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Novell Linux Desktop--A Linux Distribution for Enterprise Desktops - page 6

Re-Inking the Big Red 'N'

  • December 27, 2004
  • By Bill von Hagen

The Novell Linux Desktop provides multiple ways of keeping NLD packages up-to-date. NLD provides the traditional SUSE update tool, YaST's Online Update module, but their update utility of the future is Red Carpet, obtained as part of their acquisition of Ximian. Red Carpet is integrated with Novell's ZENworks (Zero Effort Networking) system management tool, which I couldn't test because I am not a ZENworks user, but which is designed to simplify system management by setting up system profiles, much like similar software such as Xandros' xDMS. Red Carpet's basic model is that you subscribe to specific software channels (i.e., profiles) that can be compared against the software currently installed on your machine. You can then retrieve any updates that are available, and easily install them on your system. Figure 6 shows Red Carpet in the middle of a system update.

Linux distributions such as NLD are an excellent replacement for Windows in an enterprise environment as long as they provide the applications that user require to get their work done and surf the net. Aside from standard connectivity, word processing, spreadsheet, and presentation packages, many businesses also need custom applications that are developed and supported in-house. Recognizing this fact, Novell provides a Software Development Kit (SDK) oriented towards developing, debugging, and deploying in-house applications. This is available from Novell through a dedicated Red Carpet channel. This SDK is Knee-deep in IDEs and related tools, including the Anjuta, Eclipse, and KDevelop3 IDEs, the DDD debugger front end, the Mono projects for .net or C# lovers, and--finally! - Xemacs. It also include auxiliary software such as packages for oprofile and valgrind for performance analysis and code optimization, subversion (the world's greatest source code control system), DocBook and DOxygen for XML documentation development, and the complete NLD 9 source code.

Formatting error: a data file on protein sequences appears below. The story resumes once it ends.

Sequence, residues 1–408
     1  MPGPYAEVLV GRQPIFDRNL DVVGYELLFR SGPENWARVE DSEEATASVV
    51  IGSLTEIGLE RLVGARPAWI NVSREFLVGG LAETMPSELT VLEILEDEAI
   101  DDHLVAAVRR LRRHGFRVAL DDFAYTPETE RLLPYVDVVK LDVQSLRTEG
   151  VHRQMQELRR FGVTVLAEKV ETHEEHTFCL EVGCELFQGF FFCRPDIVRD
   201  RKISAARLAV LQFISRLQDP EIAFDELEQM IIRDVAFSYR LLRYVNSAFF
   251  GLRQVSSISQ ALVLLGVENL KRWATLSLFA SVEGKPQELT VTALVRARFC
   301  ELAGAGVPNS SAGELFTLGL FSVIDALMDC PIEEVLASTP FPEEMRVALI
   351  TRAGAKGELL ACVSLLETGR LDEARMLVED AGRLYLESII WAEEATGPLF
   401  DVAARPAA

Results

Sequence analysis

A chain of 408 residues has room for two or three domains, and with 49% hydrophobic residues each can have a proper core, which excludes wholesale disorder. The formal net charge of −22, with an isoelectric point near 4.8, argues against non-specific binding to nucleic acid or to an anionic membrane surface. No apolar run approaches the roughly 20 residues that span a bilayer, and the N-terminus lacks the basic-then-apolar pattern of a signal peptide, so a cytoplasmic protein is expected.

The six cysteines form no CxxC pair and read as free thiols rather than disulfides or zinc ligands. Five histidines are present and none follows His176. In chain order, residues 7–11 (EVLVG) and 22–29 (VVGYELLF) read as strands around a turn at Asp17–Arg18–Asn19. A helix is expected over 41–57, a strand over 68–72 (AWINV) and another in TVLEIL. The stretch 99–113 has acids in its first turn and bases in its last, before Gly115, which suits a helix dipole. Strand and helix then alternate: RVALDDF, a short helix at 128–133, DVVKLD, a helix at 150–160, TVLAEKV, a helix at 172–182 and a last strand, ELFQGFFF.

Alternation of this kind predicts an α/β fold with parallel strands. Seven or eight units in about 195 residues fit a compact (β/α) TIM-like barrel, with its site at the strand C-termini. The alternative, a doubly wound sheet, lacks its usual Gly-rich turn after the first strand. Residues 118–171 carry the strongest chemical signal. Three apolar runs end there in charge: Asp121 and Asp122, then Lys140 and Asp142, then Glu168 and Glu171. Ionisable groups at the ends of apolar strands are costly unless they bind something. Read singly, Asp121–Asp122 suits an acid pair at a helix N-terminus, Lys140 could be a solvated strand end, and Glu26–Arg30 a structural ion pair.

For a more detailed overview of the NLD SDK, see its documentation at http://developer.novell.com/ndk/readme/nld.html. For an explanation of how to obtain and install it, see the ZENworks and Red Carpet information at http://developer.novell.com/ndk/nldsdk.htm. This site also provides a number of convenient links to porting and usage documentation, including documents such as "Running Existing Win32 Applications on SUSE LINUX", "Porting Java applications to SUSE LINUX", "Migrating Red Hat applications to SUSE Technical Overview", "Moving from a Windows platform to SUSE LINUX", "DOT NET (or Mono) and Web Services", and many more.

There are no flies on Novell as far as the enterprise environment goes, and they've apparently learned a few things from the pain of Microsoft's dominance in the desktop networking environment and their entertaining but tragic experiments with WordPerfect in early 1990s. Providing a complete SDK and excellent auxiliary documentation should help businesses migrate everything that they need to a stable, supported Linux desktop.

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